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Vermont can teach Washington just how on senior housing policy




CHICAGO (Reuters) – Hey, Ben Carson – why not consider an area holiday to Vermont?

It is lovely there this period of the year, as well as trip would give the opportunity to rethink the slash-and-burn vision of affordable housing offered last month within your role as secretary with the U.S. Department of Housing and Urban Development.

In particular, I can recommend stopping in Burlington to meet up with Molly Dugan, who directs among the list of nation’s state-of-the-art health programs for low-income seniors. Called Support and Services in your own home (SASH), the course demonstrates how stable housing for low-income seniors may be a platform for improving health outcomes while saving Medicare money. It is operated by Cathedral Square (NYSE:SQ) Corp, a Vermont non-profit low-income housing provider.

Secretary Carson, like a physician you will find SASH fascinating. It needs to offer you reason to reconsider the dramatic overhaul of federal housing subsidies you proposed recently, which may triple rent for that poorest households and ease exactly how for housing authorities to impose work requirements on residents.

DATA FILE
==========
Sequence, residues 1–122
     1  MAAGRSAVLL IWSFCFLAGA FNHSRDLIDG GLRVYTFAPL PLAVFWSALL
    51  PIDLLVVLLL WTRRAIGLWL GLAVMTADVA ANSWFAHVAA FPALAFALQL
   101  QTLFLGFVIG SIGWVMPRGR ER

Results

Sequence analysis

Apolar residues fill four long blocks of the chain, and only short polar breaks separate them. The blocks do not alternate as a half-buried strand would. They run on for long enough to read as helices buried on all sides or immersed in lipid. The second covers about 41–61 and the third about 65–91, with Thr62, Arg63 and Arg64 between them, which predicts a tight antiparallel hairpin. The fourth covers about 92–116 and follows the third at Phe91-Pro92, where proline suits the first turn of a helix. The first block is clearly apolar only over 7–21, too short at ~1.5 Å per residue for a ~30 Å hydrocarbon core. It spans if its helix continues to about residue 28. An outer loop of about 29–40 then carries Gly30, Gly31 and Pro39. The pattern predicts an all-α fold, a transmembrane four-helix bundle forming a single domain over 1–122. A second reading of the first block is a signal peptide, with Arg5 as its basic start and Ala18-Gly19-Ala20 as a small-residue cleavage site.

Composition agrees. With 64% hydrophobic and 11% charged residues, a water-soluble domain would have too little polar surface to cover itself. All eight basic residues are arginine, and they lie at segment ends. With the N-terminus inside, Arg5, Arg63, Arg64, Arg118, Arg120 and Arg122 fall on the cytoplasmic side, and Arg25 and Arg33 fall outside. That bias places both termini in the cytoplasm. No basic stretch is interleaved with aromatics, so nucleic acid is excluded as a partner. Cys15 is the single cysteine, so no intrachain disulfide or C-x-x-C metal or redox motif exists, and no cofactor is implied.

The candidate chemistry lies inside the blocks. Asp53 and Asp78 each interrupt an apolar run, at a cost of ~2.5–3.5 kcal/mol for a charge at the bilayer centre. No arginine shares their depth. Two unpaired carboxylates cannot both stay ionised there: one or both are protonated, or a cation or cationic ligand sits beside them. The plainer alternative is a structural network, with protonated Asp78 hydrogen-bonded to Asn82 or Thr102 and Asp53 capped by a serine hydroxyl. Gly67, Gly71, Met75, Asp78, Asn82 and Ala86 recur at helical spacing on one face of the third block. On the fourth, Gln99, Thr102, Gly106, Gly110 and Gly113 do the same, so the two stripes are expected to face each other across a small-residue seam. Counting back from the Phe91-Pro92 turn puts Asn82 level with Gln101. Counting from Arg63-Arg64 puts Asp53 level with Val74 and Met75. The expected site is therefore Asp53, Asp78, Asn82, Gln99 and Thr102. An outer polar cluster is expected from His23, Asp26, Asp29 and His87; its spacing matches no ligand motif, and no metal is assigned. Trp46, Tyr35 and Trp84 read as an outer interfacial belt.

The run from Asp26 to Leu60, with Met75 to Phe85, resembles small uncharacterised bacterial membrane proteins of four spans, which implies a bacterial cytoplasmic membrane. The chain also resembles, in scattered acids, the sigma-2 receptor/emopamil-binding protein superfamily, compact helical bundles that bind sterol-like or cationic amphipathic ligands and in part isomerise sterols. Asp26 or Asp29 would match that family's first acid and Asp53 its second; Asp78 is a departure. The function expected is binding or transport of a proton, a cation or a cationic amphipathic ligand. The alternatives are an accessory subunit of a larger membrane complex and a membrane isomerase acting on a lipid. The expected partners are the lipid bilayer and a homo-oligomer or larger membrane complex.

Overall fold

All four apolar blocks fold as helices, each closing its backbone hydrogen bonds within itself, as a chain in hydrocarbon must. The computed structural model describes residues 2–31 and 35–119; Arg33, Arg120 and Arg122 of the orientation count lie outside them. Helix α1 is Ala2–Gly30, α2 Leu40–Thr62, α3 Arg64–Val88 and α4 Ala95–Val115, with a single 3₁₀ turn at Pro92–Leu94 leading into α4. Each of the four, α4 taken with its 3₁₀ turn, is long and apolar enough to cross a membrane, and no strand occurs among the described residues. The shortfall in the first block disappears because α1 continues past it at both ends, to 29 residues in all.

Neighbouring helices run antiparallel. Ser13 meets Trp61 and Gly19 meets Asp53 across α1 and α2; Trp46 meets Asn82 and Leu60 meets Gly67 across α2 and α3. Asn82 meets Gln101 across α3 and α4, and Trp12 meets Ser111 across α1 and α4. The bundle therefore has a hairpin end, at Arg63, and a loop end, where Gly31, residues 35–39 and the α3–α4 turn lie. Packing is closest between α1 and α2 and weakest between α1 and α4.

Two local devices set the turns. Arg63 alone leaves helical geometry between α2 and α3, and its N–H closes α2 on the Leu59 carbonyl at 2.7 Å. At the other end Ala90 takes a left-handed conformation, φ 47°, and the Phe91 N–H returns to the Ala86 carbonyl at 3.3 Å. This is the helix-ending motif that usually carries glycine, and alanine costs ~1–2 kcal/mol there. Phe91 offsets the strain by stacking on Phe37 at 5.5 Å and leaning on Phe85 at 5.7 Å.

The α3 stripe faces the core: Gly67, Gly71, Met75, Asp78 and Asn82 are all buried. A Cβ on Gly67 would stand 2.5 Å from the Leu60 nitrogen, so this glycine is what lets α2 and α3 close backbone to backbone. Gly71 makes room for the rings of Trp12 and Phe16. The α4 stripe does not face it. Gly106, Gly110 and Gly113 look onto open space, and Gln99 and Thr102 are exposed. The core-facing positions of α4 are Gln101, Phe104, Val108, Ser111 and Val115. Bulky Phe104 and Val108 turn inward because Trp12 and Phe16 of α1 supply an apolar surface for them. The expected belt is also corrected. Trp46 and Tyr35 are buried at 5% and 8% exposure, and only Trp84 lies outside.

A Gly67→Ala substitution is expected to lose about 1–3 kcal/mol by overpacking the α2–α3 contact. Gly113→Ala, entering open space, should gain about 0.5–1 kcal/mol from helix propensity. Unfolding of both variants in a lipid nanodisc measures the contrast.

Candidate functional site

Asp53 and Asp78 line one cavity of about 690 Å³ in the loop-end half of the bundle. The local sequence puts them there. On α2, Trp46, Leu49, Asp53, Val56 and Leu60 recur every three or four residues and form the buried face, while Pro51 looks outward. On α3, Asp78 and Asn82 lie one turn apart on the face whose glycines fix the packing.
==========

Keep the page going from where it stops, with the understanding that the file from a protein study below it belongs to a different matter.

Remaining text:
The proposals, which require approval from the U.S. Congress, could affect all residents of federally-subsidized affordable housing.

SASH, by comparison, uses housing as the platform for preventive measures that make a big difference. Each housing facility features a wellness nurse using the services of care coordinators.

“We concentrate on issues that address chronic conditions like hypertension, diabetes and prevention of falls,” Dugan says.

The program came from 2009. After 12 month, how many residents admitted to hospitals fell 19 percent. How many falls dropped as nutrition scores rose.

Today, SASH serves 5,000 low-income senior residents within the state. It receives $3.7 million in Medicare funding and possesses documented reduced spending of $1,200 annually per patient.


Cathedral Square provides a waiting directory of 500 low-income seniors seeking shelter, which is just a peek for the senior housing shortage looming as being the nation ages.

Affluent men and women develop the means to adapt their housing to match their needs, however the bulging population of low-income seniors will pose a crisis. The sheer number of seniors earning lower than 80 percent of the area median income will nearly double by 2035, as per the Harvard researchers, to 27 million.